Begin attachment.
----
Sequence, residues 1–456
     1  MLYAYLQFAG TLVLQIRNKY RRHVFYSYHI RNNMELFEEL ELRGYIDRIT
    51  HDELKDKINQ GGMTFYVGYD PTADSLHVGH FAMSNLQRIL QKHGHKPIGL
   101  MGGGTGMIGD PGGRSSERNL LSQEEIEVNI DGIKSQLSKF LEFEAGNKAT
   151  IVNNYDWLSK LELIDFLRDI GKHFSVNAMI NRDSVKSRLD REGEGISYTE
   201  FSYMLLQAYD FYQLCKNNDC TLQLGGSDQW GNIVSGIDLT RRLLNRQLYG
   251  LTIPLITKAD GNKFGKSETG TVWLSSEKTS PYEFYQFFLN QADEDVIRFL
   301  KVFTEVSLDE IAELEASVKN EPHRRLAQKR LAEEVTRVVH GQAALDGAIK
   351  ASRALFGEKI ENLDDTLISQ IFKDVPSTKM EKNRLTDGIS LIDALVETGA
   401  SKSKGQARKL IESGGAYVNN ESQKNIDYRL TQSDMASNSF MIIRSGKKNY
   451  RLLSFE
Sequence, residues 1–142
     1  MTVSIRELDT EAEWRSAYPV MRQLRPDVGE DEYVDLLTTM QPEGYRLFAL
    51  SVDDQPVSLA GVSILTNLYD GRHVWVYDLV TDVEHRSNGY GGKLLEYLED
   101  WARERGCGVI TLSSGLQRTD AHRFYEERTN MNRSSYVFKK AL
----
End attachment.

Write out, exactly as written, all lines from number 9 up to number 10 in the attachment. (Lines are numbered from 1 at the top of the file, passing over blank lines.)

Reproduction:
   351  ASRALFGEKI ENLDDTLISQ IFKDVPSTKM EKNRLTDGIS LIDALVETGA
   401  SKSKGQARKL IESGGAYVNN ESQKNIDYRL TQSDMASNSF MIIRSGKKNY